W hile there is widespread agreement that banks play a key part in the transmission of monetary policy actions to the econ omy, there is considerable controversy over the precise role that banks play. The focus of this debate is whether bank lending plays a special part in the monetary transmission mechanism. If a special lending or credit channel exists, changes in the willingness and ability of banks to extend credit may have implications for aggregate economic activity. Moreover, ongoing changes in the role banks play in financial markets may affect this credit channel and so alter the monetary transmis sion mechanism.
Recent research on a bank credit channel has focused on two questions. Are certain borrowers so dependent on bank lending that any change in banks’ willingness to lend immediately affects in vestment and spending decisions? And, do mone tary policy changes directly constrain bank lending? Both conditions are necessary for bank lending to play a special role in the monetary trans mission mechanism. Thus far, research on a credit channel has yielded mixed results. Some recent
Charles S. Morris and Gordon H. Sellon, Jr. are assistant vice presidents and economists at the Federal Reserve Bank of Kansas City. Stacy Bear and Corey Koenig, research associates at the bank, and Ken Heinecke, a former research associate at the bank, helped prepare the article.
research provides support for the view that certain borrowers, such as small businesses, are very de pendent on banks for financing. This finding sug gests that disruptions in bank credit could affect economic activity. At the same time, there is con flicting evidence that bank lending is directly con strained by monetary policy actions. This article provides additional insight into the second question—whether bank lending is con strained by monetary policy. The article does so by analyzing how banks adjust the amount and terms of business lending when monetary policy is tightened. The analysis differs from previous re search by using a more precise measure of monetary policy actions, which allows a more accurate iden tification of episodes of monetary tightening. Evi dence presented in the article suggests that bank business lending is not constrained by restrictive monetary policy. The article concludes that mone tary policy does not appear to operate through a special credit channel. The first section of the article examines the rationale for a credit channel and the implications of this channel for monetary policy. The second section reviews recent research on the key features of a credit channel: bank dependent borrowers and the ability of monetary policy to directly restrict bank lending. The final section presents new em pirical evidence on whether monetary policy con strains bank business lending.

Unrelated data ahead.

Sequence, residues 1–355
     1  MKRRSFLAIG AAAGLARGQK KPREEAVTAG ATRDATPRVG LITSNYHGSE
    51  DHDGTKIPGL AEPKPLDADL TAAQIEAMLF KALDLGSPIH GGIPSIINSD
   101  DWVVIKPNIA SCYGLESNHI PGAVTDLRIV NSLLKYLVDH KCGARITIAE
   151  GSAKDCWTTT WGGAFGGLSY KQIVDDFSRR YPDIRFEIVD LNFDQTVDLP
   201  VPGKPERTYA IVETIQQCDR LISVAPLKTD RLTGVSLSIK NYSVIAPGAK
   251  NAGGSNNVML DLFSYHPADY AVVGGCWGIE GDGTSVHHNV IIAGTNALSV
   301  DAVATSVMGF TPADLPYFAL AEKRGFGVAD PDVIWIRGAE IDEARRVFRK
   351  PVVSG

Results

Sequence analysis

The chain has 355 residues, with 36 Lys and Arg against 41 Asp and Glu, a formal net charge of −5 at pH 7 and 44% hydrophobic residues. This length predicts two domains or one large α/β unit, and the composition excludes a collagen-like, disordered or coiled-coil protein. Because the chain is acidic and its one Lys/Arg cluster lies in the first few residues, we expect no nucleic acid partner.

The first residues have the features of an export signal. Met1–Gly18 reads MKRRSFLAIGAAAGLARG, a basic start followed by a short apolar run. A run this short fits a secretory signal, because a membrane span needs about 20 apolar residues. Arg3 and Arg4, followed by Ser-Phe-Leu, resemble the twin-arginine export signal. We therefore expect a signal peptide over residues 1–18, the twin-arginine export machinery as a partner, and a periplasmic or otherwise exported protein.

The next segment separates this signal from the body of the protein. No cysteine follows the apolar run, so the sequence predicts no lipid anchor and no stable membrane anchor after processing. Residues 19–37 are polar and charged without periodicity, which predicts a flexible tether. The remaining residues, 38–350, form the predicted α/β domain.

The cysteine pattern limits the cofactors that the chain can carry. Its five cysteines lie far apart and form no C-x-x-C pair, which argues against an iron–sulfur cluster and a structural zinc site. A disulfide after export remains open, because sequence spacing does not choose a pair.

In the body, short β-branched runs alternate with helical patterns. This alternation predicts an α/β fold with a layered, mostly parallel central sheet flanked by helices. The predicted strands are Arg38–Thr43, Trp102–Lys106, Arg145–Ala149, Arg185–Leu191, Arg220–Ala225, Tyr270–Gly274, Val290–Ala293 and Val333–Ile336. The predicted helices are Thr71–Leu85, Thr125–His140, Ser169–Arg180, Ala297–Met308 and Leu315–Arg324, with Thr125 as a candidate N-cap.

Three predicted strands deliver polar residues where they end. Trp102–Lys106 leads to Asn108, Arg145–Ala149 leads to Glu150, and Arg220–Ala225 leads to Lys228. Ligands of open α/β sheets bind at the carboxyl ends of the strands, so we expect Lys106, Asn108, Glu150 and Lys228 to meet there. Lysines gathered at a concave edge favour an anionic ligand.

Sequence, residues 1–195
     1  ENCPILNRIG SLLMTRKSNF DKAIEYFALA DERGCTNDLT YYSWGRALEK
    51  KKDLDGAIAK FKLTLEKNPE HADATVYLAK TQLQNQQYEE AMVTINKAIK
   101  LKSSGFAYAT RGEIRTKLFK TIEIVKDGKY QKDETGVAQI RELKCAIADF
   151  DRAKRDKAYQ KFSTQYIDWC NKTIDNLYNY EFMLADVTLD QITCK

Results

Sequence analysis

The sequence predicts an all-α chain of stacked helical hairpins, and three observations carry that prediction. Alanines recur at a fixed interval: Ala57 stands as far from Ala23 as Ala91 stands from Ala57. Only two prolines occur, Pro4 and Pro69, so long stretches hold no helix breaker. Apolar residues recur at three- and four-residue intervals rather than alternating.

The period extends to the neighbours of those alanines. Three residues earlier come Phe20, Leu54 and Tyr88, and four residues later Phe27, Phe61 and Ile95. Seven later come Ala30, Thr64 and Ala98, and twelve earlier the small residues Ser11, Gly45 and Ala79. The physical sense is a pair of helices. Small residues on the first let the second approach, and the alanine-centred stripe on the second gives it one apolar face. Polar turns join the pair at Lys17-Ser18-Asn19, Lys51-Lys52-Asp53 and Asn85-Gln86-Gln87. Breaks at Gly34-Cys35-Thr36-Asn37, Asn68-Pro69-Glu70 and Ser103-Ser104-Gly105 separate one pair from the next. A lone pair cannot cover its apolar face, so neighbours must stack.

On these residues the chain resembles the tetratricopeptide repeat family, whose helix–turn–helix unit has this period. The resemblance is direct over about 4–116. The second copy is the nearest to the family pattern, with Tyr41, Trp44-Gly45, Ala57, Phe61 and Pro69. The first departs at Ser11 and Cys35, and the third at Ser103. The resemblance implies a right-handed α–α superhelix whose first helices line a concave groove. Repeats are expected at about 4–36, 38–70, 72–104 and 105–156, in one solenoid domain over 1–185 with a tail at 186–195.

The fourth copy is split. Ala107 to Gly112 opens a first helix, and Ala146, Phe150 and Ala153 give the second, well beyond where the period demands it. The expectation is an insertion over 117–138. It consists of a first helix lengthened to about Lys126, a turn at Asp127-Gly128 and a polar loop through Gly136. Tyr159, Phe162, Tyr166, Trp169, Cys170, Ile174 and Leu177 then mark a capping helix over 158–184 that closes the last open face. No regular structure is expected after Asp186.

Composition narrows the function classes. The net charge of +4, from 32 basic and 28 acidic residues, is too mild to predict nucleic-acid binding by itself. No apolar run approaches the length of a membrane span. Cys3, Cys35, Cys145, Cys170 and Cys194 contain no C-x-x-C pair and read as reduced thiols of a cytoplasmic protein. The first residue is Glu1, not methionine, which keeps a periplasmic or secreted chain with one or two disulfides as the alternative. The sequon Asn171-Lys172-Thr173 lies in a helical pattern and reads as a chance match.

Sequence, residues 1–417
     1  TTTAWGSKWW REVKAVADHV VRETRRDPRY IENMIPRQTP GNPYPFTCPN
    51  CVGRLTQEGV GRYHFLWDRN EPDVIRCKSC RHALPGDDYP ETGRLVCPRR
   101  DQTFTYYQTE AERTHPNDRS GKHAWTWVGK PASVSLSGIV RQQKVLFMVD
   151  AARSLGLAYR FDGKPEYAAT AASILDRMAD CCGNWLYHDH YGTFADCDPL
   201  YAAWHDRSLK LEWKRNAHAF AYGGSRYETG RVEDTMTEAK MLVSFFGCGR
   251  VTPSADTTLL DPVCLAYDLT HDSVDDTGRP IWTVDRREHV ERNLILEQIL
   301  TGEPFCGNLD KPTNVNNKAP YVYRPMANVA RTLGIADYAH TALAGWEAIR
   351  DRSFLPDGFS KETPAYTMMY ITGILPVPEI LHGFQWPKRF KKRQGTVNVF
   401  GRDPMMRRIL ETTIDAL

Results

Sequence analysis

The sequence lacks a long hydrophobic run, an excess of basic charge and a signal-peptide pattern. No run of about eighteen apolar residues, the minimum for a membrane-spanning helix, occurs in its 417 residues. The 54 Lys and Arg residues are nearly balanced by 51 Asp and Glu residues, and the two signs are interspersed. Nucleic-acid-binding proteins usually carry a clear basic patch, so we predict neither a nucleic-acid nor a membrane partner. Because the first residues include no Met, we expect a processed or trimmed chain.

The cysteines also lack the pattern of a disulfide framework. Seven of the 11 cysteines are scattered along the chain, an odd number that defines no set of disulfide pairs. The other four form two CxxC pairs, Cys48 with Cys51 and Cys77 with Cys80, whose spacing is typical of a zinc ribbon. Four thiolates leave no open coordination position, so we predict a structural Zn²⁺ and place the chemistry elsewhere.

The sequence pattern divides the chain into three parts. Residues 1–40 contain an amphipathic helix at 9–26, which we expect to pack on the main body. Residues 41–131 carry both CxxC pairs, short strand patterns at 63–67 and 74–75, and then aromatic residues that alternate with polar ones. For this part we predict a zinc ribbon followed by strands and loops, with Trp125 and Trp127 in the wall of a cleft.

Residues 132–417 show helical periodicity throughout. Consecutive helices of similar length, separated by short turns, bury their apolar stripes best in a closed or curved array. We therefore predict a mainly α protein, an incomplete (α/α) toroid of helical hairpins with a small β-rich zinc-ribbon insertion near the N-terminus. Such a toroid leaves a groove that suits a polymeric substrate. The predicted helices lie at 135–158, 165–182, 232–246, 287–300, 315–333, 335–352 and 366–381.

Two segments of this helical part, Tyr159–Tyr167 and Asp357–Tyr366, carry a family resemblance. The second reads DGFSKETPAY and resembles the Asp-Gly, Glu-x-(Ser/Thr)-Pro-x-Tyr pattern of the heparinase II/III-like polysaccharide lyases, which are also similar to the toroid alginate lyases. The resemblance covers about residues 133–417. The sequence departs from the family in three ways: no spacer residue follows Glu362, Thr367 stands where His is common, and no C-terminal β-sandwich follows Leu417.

60 FEDERAL RESERVE BANK OF KANSAS CITY
The view that bank lending plays a special role in monetary policy has been part of policy debates for over 40 years. The existence of a lending or credit channel implies that ongoing structural changes in the banking industry may alter the mone tary transmission mechanism and make it harder to implement monetary policy.